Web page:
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Bayesian Inference for Identifying Interaction Rules in Moving Animal Groups

Overview of attention for article published in PLoS ONE, August 2011
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1 tweeter

Citations

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Title
Bayesian Inference for Identifying Interaction Rules in Moving Animal Groups
Published in
PLoS ONE, August 2011
DOI 10.1371/journal.pone.0022827
Pubmed ID
Authors

Richard P. Mann

Abstract

The emergence of similar collective patterns from different self-propelled particle models of animal groups points to a restricted set of "universal" classes for these patterns. While universality is interesting, it is often the fine details of animal interactions that are of biological importance. Universality thus presents a challenge to inferring such interactions from macroscopic group dynamics since these can be consistent with many underlying interaction models. We present a Bayesian framework for learning animal interaction rules from fine scale recordings of animal movements in swarms. We apply these techniques to the inverse problem of inferring interaction rules from simulation models, showing that parameters can often be inferred from a small number of observations. Our methodology allows us to quantify our confidence in parameter fitting. For example, we show that attraction and alignment terms can be reliably estimated when animals are milling in a torus shape, while interaction radius cannot be reliably measured in such a situation. We assess the importance of rate of data collection and show how to test different models, such as topological and metric neighbourhood models. Taken together our results both inform the design of experiments on animal interactions and suggest how these data should be best analysed.

Twitter Demographics

The data shown below were collected from the profile of 1 tweeter who shared this research output. Click here to find out more about how the information was compiled.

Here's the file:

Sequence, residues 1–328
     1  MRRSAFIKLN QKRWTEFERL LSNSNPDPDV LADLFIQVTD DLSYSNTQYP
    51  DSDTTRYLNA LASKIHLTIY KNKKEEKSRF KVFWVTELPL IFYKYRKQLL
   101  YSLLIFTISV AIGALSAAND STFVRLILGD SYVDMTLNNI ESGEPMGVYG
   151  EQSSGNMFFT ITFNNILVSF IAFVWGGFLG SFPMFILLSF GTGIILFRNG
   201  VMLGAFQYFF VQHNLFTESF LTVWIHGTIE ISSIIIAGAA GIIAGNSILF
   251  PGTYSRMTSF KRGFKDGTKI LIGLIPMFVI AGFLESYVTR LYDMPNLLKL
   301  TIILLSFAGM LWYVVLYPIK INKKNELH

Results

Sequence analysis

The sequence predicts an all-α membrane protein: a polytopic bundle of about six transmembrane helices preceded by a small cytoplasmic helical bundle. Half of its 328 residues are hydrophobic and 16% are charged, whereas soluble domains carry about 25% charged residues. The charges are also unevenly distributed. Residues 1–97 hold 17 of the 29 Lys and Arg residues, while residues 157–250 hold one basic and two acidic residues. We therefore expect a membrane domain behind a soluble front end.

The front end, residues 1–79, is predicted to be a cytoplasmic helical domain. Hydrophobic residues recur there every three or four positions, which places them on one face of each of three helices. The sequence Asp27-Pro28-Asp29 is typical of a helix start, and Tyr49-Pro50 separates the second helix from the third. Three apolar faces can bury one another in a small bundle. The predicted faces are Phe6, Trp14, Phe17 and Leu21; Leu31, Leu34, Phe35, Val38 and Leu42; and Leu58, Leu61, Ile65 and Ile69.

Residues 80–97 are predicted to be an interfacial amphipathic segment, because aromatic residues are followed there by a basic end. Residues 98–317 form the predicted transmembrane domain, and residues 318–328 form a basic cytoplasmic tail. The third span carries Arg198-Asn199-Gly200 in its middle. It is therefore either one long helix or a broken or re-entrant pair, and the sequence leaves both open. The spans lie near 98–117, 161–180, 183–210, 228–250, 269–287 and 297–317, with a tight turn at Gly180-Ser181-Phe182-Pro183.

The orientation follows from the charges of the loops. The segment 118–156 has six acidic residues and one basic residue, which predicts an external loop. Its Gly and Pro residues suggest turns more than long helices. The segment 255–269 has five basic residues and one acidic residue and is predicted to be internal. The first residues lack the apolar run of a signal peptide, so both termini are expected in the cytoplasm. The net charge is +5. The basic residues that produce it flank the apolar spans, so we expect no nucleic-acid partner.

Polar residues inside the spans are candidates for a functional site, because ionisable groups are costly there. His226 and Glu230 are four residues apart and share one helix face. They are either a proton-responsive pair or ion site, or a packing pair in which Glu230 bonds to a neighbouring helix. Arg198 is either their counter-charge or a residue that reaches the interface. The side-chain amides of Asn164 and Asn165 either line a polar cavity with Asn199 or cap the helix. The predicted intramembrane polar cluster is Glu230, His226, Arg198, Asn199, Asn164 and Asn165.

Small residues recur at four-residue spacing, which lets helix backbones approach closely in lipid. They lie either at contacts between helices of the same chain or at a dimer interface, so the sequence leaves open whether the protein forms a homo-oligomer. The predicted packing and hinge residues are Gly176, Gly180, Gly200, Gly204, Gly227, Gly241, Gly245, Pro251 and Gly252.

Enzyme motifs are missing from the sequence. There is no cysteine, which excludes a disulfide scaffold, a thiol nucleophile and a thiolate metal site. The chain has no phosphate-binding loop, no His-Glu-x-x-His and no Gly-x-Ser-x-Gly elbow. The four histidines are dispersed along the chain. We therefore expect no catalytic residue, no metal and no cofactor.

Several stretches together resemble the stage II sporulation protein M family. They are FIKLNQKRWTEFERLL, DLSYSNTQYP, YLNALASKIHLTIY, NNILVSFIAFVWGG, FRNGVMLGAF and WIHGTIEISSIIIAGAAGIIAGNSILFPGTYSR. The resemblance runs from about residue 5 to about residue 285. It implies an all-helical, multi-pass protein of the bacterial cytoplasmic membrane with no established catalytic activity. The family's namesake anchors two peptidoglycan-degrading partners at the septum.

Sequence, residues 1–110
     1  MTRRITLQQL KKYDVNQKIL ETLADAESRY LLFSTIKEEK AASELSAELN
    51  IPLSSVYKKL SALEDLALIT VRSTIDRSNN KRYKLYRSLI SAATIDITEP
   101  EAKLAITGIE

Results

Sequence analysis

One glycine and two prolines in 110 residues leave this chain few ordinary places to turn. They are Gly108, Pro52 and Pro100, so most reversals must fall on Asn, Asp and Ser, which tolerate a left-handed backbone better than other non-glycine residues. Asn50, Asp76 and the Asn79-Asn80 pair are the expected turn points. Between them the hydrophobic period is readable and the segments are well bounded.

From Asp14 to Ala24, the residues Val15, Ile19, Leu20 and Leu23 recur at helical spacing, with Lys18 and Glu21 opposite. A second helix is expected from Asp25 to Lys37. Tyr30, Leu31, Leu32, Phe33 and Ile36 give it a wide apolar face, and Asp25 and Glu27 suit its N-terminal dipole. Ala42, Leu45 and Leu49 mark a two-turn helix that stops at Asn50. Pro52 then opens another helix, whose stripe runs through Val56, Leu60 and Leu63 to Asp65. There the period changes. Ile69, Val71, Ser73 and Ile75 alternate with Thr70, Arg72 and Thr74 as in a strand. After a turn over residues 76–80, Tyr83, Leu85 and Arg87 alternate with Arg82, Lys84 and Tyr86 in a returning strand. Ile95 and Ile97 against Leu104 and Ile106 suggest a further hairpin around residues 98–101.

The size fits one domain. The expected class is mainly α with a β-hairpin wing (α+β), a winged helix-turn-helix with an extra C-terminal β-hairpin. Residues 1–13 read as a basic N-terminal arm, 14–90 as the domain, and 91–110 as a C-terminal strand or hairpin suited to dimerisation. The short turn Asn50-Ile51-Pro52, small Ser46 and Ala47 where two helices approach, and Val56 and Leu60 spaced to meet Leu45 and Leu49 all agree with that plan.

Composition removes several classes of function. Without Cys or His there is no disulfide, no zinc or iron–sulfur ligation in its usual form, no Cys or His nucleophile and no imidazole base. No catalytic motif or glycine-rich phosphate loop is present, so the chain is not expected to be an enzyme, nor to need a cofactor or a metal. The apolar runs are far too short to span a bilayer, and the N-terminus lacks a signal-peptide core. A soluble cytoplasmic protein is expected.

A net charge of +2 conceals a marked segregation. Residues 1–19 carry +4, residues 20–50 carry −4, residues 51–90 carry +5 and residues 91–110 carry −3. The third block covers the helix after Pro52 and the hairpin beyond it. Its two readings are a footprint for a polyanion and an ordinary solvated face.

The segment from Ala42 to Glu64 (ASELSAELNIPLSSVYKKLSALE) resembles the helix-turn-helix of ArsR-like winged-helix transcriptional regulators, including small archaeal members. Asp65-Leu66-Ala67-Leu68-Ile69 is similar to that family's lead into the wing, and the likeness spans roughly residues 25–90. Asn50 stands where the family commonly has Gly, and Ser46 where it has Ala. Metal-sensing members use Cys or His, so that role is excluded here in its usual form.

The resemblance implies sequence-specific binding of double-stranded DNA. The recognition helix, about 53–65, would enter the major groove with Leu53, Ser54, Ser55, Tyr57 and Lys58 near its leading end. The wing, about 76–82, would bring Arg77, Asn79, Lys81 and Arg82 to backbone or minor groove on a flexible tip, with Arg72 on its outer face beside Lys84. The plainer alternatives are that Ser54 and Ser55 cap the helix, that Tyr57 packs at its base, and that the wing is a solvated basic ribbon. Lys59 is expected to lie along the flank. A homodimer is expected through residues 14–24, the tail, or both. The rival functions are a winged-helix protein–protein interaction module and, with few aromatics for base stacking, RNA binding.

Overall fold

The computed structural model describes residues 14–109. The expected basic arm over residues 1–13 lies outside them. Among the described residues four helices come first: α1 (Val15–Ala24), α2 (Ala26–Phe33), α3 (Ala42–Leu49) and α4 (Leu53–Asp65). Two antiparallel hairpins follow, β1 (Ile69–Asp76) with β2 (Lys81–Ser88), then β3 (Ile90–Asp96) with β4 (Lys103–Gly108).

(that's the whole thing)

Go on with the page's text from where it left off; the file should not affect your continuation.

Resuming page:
Mendeley readers

The data shown below were compiled from readership statistics for 81 Mendeley readers of this research output. Click here to see the associated Mendeley record.

Geographical breakdown

Country Count As %
United States 2 2%
Germany 2 2%
Switzerland 1 1%
Spain 1 1%
Indonesia 1 1%
Brazil 1 1%
Japan 1 1%
India 1 1%
Belgium 1 1%
Other 1 1%
Unknown 69 85%

Demographic breakdown

Readers by professional status Count As %
Researcher 17 21%
Student > Master 13 16%
Professor 12 15%
Student > Ph. D. Student 12 15%
Professor > Associate Professor 5 6%
Other 22 27%
Readers by discipline Count As %
Agricultural and Biological Sciences 36 44%
Physics and Astronomy 8 10%
Computer Science 6 7%
Mathematics 5 6%
Environmental Science 5 6%
Other 21 26%

Attention Score in Context

This research output has an Altmetric Attention Score of 1. This is our high-level measure of the quality and quantity of online attention that it has received. This Attention Score, as well as the ranking and number of research outputs shown below, was calculated when the research output was last mentioned on 09 August 2011.
All research outputs
#9,067,092
of 11,324,871 outputs
Outputs from PLoS ONE
#93,983
of 125,959 outputs
Outputs of similar age
#68,060
of 88,033 outputs
Outputs of similar age from PLoS ONE
#1,387
of 1,790 outputs
Altmetric has tracked 11,324,871 research outputs across all sources so far. This one is in the 11th percentile – i.e., 11% of other outputs scored the same or lower than it.
So far Altmetric has tracked 125,959 research outputs from this source. They typically receive a lot more attention than average, with a mean Attention Score of 11.3. This one is in the 14th percentile – i.e., 14% of its peers scored the same or lower than it.
Older research outputs will score higher simply because they've had more time to accumulate mentions. To account for age we can compare this Altmetric Attention Score to the 88,033 tracked outputs that were published within six weeks on either side of this one in any source. This one is in the 10th percentile – i.e., 10% of its contemporaries scored the same or lower than it.
We're also able to compare this research output to 1,790 others from the same source and published within six weeks on either side of this one. This one is in the 10th percentile – i.e., 10% of its contemporaries scored the same or lower than it.